Peripheral vision

He noticed her from the corner of his eye. It was just a glimpse, as he was hurrying down the side street of a metropolitan city to get to the parking terrace. It was a long day at work and he was anxious to get home.

But that one glimpse was enough for him to realize that she was a person in need. She was locked out of her car. She had parked on the side street, locked the doors to her vehicle and rushed into a nearby building. But she left her car keys inside the car. Now having returned, she was trying, without any success, to force a clothes hanger through a window to be able to open the lock on the vehicle door.Soon it would be dark.

Stopping to help, the man was able, within several minutes, to get the car door open.

A grateful woman exclaimed, "Thank you," and then asked, "What is your name?"

The man replied, "That is not important. It is important to do good deeds without always having to receive recognition," and with that they parted, neither knowing who the other was. But the lives of both were blessed.

The act of helping the woman was a simple act of being aware of the needs of those about us. It was an act of using peripheral vision.

The Random House Dictionary of the English Language defines peripheral vision as, "All that is visible to the eye outside the central area of focus."

All of us have our own areas of focus, which usually require a large chunk of time, effort and attention. For some, it may be family and home; for others, it may be Church or community; for still others, it may be schooling, employment or career; or it could be a combination of all of these.

Whatever the central area of our focus may be, life is full of opportunities for us to use our "side vision" - to look outwardly to help alleviate the needs of others. If we fail to expand our focus beyond our own needs and concerns, we may never notice the countless people all about us who may need our help. We thereby lose the chance to bless their lives as well as our own. We miss some of life's greatest joys, found only as we help lift the burdens of others.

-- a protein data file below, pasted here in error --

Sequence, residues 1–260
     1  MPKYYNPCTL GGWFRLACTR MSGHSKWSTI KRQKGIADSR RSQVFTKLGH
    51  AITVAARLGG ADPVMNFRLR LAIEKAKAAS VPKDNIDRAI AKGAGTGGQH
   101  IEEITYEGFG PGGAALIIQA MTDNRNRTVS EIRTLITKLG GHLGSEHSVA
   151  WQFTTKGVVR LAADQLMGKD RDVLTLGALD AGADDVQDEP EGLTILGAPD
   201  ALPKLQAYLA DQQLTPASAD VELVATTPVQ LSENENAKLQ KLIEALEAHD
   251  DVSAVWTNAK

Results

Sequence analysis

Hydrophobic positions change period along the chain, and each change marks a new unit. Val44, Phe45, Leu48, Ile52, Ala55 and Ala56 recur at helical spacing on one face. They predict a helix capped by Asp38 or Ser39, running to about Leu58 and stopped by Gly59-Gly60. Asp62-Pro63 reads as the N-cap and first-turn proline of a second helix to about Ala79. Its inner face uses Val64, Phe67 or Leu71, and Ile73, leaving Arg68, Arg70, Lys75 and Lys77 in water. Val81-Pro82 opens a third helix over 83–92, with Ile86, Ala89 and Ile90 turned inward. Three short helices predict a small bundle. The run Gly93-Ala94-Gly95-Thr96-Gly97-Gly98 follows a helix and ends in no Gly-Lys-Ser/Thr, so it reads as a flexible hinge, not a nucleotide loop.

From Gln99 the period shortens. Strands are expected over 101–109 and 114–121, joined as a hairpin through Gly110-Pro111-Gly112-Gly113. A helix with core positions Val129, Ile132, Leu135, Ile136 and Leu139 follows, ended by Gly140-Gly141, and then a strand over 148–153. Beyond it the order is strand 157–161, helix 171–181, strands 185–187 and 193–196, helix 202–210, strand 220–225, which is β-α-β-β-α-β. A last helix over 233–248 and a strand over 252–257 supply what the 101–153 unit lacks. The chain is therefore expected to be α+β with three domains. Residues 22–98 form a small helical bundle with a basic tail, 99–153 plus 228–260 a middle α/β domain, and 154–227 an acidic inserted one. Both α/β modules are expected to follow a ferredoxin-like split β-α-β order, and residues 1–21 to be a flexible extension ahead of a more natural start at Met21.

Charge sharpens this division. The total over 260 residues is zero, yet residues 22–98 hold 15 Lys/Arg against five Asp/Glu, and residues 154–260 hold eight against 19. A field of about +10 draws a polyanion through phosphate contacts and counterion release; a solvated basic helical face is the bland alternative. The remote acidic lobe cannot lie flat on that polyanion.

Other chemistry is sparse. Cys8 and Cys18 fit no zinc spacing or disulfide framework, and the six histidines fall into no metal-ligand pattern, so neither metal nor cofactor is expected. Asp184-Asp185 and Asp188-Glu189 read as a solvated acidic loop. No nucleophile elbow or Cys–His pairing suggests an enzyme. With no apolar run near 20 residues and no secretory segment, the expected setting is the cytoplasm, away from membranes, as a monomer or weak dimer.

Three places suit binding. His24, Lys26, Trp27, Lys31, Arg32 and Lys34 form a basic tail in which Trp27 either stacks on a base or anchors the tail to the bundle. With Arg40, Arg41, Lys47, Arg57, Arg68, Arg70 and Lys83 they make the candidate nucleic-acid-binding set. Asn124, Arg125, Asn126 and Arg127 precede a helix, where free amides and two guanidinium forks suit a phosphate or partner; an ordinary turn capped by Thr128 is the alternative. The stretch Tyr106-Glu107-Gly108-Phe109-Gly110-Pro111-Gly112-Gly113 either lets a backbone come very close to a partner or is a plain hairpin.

How do we forget about ourselves and help those who are in need? How do we reduce inward focus and turn it into outward focus?

The answer is simple.

Doing it is more difficult.

The answer, of course, lies in centering our lives in the teachings of the Savior and developing His pure love for all mankind.

To the Prophet Joseph Smith, the Lord said: "I know thy heart and have heard thy prayers concerning thy brethren. Be not partial towards them in love above many others, but let thy love be for them as for thyself; and let thy love abound unto all men, and unto all who love my name." (D&C 112:11.)

Such is the type of love demonstrated by a kindly, middle-aged woman, who through her concern and kindness, undoubtedly forged in the fires of her own adversities, has touched the lives of those about her. Most of the families in her ward, if not all of them, have been the recipient of her acts of kindness and caring. The receiving of a pan of her warm, homemade sweet rolls is, in reality, the receiving of her love.

"I thought perhaps you would like these," she says as she delivers the rolls, fresh from her oven. The simple phrase carries a monumental message that, in spite of her own serious health problems, she is looking outward to make the day a little brighter for others, rather than inward to her own troubles. It would be so easy for her to stay home and feel sorry for herself, but that is not her nature.

Such people, in spite of their own afflictions, look for opportunities to help others and bring joy to their lives.

Indeed, there are people in this world who seem to have the ability - either innate or acquired - to lift others. Their peripheral vision is not blinded by the glare of their own needs and concerns.

We should try to emulate the acts of love and kindness of these people, and in so doing we will find that we, in reality, have found the pure love of Christ in our lives.

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